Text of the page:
It's amazing that most people seem to find themselves interesting enough to be the subject of continuous self-adoration for others to admire. Brushing your teeth and showing your new tatoo online don't qualify as introduction.
Cindy Sherman is the only artist I can think of who makes "selfies" which are truly fascinating.
"It’s too simplistic to write off these images as the work of narcissists."Sometimes simple is best... or... ~ All truth is simple... is that not doubly a lie? Nietzsche
While there may be certain occasions and situations when a selfie adds something extra, the reality is that the vast majority of selfies serve one of two purposes. The first is the "I think I look amazing today" photos, usually exhibited under the pretense the photo is serving some other, less vain purpose, such as showing off the new article of clothing recently purchased. The second purpose is to create an alternate reality that one's life is just so interesting or fun . The reality one wishes were true. Why do so many selfies show people with their mouth open in ecstatic joy or laughter? After all, the photo was not a fleeting moment captured by someone else but was taken by the person themself in a controlled environment. The reasoning is that not only will other people looking at the photo assume the person is having an amazing time, a time much better than they themselves are having, but the person who took the photo will look back on it later and fool themselves they were having a great time, thus convincing themselves their lives are amazing and successful.Or perhaps I just need my morning coffee.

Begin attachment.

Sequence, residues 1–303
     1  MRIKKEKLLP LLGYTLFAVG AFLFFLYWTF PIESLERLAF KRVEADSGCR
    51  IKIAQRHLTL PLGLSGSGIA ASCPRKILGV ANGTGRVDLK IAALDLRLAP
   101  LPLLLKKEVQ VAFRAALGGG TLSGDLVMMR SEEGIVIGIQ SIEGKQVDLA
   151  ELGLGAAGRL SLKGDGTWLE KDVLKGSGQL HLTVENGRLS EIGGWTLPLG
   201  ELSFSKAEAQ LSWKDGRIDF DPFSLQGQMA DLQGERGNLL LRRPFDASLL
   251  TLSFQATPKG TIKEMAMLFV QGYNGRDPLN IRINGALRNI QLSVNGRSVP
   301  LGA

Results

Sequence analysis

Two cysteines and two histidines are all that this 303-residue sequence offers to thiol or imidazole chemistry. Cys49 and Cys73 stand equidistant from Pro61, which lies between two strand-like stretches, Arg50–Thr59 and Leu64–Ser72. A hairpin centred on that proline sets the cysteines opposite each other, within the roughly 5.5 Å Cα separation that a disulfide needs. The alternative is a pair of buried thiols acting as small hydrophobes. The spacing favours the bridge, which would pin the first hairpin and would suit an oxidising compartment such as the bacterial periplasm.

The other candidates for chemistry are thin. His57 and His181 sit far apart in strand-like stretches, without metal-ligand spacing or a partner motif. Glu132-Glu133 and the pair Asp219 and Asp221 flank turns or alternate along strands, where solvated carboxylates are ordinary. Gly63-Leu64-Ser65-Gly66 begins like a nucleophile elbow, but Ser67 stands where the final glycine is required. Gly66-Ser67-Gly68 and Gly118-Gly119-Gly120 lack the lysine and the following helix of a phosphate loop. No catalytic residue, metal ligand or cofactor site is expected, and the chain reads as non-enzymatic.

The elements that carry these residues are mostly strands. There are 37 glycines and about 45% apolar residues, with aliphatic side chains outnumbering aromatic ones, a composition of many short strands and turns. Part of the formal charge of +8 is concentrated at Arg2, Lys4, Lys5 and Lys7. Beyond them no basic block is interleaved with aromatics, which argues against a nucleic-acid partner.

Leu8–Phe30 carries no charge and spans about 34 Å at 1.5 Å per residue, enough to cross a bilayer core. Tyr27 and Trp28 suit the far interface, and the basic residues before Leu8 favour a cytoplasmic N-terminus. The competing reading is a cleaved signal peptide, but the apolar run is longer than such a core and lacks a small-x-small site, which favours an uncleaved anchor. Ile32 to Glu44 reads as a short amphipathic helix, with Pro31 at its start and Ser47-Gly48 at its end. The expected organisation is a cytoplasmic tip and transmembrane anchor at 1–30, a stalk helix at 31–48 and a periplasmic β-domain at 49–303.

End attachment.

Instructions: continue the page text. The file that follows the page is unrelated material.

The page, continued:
There is a therapy called DBT (Dialectical Behavioral Therapy, developed by Marsha Linehan) that incorporates the teaching of skills to manage extreme emotional storms. I discovered in that therapy the 'half-smile'. Just an upturning of the mouth into a small smile with increase the feeling of well-being. It is so simple, but yet it really works. Your mom was right. :)
Like anything, it can be done well and meaningfully, and it can be done stupidly. It's important to see distinctions in all things.
I don't think the selfie is an either/or proposition. For sure, vanity and exhibitionism must factor in, but I agree with the author that it's not reducible to only those impulses. The selfie is a way to author your experiences in a new medium, especially the selfies that capture more than just the face itself. It's a way to personalize a context (reportage v. reporting) and to contextualize the person in time and space. Different from the usual photo taken by a third person because the viewer is aware that the subject of the picture has simultaneously edited the picture.
One of the ways people deluded themselves about the brave new world of the Internet was that it would do away with the editors, publishers, tastemakers and corporate overlords of the establishment. Now, everyone can be a writer, a photographer, an artist. Well, everyone can be, but you know what? Everyone isn't.
I think that this article is not critical enough. The problem is not with the selfie as a performative act in itself, but with what its ubiquity says about the psychological state of a large portion of its performers.
I completely understand and identify with looking at old photos and basking in the pleasure of the remembered experience. What I don't get is the need to have people you don't know and who don't know you look at the photos. Even a slew of positive comments from strangers doesn't validate who you are. Only people who know you can do that. Basically it's just more noise in the cacophony of everyone yelling: "Look at me! Look at me!"